McDonald said he is aware of other data that show a more favorable two log spore reduction with soap and water, but that still falls far short of the desired four log reduction (kill rates approaching 99.99%) achieved by alcohol hand rubs against common hospital bacterial pathogens like MRSA and VRE. And since the use of alcohol hand rubs generally increases compliance, the CDC is reluctant to undercut its current recommendations by revisiting the C. diff conundrum.

“We know that alcohol gel does work at reducing [other] infections,” he said. “There is observational data where we moved from soap and water – and all the compliance problems with that – to alcohol gel and saw this bump in compliance and saw infection rates come down. That has happened over and over again with the vegetative bacteria.”

As a result, it seems to make more sense to encourage glove use with C. diff rather than get sidetracked with any more hand hygiene efficacy studies, he added.

“The other thing is do we really think that there is that much contamination on the hands after the removal of gloves?,” McDonald said. “If this is the best data we have for log reductions, should we even go out and do a big hand washing study when we already know that gloves work? Maybe in the right context, but I would rather see us develop some new hand hygiene methods that work on spores first – something that gets closer to a four log reduction.”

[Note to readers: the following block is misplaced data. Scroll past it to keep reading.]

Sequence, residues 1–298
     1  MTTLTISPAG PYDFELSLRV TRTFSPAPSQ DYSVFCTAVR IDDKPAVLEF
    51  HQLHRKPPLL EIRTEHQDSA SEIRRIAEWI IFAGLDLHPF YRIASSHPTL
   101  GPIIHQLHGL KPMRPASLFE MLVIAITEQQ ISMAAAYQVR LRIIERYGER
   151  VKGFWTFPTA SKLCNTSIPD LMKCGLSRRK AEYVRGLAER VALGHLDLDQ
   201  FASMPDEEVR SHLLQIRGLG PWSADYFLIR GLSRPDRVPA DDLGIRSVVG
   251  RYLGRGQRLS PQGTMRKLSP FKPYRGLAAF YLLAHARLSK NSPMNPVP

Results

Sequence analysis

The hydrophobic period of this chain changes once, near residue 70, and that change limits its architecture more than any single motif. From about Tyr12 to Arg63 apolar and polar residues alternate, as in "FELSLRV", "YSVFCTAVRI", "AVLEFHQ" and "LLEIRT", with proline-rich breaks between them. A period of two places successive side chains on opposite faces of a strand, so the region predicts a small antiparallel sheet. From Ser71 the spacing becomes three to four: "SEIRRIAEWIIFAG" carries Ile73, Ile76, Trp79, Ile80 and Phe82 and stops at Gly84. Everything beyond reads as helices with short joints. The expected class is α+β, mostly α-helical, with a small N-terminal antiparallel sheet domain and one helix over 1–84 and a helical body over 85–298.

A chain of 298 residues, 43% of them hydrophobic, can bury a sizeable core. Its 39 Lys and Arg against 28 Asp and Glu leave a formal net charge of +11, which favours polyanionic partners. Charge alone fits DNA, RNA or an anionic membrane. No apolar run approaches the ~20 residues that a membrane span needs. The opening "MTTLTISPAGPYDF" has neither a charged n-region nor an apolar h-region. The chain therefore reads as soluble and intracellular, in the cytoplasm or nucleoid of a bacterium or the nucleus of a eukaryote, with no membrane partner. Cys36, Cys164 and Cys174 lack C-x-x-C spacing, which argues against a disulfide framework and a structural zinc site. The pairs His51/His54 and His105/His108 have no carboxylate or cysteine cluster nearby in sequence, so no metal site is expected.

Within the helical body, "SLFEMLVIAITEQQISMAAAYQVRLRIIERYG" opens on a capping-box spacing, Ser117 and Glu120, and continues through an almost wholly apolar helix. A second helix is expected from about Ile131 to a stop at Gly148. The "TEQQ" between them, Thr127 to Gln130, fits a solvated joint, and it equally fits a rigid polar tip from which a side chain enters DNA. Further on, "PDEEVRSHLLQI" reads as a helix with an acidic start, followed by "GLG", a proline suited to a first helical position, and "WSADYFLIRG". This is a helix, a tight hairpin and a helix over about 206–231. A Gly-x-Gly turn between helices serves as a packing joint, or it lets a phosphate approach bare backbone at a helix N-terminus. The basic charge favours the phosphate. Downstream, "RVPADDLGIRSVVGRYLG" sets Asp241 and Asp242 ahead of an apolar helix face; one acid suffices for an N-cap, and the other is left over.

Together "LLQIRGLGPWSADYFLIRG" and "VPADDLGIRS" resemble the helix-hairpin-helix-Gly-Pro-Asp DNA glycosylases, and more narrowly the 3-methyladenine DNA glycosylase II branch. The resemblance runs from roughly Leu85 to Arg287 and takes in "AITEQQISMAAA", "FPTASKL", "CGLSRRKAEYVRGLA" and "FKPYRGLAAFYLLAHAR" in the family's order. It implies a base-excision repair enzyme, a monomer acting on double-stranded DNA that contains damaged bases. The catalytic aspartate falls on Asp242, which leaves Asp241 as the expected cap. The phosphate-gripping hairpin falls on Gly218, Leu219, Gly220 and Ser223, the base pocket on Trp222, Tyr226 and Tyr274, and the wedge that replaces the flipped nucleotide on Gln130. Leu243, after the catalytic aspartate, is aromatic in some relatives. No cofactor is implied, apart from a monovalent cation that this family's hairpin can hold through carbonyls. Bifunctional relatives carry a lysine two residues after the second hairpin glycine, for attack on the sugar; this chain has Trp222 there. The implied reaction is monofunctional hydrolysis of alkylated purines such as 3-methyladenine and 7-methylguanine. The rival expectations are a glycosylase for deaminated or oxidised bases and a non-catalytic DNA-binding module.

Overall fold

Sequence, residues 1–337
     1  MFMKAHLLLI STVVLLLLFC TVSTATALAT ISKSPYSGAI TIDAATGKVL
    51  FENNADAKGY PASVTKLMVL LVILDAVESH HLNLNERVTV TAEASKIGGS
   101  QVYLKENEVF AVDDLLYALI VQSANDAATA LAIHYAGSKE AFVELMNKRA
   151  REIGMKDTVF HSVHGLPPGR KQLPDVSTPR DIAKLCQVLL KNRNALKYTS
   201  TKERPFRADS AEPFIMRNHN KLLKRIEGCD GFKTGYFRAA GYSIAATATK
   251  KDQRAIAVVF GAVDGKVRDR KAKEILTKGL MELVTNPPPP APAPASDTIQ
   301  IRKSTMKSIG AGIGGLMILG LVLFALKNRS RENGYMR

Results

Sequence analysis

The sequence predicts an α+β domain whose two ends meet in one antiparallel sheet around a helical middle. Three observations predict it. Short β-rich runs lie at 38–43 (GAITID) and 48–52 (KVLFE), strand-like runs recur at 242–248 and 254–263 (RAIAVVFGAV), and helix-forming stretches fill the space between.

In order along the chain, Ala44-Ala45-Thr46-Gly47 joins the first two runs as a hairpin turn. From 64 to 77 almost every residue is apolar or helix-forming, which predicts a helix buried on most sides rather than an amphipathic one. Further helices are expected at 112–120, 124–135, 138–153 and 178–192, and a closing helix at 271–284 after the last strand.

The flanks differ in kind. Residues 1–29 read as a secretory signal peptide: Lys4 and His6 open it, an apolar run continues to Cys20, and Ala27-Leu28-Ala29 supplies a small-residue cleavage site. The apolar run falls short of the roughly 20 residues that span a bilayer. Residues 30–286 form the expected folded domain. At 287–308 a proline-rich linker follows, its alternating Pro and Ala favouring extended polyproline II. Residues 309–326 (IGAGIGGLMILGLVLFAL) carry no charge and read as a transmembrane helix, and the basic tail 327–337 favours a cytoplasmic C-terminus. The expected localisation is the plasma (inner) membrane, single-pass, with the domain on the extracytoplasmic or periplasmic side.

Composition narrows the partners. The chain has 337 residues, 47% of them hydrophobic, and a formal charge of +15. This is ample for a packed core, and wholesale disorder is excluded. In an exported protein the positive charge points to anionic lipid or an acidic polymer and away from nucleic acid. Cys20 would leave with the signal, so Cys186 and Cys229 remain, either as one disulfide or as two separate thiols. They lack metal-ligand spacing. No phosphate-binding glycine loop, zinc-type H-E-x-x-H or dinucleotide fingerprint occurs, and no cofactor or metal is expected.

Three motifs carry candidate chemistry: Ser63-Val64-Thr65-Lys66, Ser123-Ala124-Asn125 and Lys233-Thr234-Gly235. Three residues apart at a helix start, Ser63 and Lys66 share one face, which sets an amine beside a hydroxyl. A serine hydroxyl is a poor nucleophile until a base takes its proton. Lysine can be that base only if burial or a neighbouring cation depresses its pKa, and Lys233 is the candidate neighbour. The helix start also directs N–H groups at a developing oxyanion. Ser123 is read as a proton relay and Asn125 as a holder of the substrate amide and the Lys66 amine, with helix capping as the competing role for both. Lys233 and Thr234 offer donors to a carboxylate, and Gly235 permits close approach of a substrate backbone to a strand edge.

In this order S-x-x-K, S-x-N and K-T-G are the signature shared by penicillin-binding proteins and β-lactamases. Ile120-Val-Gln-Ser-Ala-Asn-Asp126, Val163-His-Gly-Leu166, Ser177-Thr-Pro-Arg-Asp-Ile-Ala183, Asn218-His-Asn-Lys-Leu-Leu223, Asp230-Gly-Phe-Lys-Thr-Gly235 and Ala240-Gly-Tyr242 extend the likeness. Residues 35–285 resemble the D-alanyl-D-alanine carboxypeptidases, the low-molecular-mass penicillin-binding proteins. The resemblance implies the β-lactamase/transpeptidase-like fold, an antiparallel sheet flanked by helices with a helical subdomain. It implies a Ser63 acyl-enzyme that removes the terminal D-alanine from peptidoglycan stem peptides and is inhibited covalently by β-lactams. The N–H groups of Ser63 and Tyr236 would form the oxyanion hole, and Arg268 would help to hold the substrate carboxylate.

References

  1. Edmunds SI, Zapka C, Kaspar D, et al. Effectiveness of hand hygiene for removal of Clostridium difficle spores from hands. Infect Control Hosp Epi 2013; 34:302-305.
  2. Jabbar U, Leischner J, Kasper D, et al. Effectiveness of alcohol-based hand rubs for removal of Clostridium difficile spores from hands. Infect Control Hosp Epidemiol. 2010;31(6):565-70.
  3. Centers for Disease Control and Prevention. Guideline for Hand Hygiene in Health-Care Settings: Recommendation of the Healthcare Infection Control Practices Advisory Committee and the HICPAC/SHEA/APIC/IDSA Hand Hygiene Task Force. MMWR 2002;51:No.RR-16:1—56.
  4. Society for Healthcare Epidemiology of America. Infectious Disease Society of America. Compendium of Strategies to Prevent Healthcare Associated Infections in Acute Care Hospitals. Infect Control Hosp Epidemiol 2008;29:S81-S92.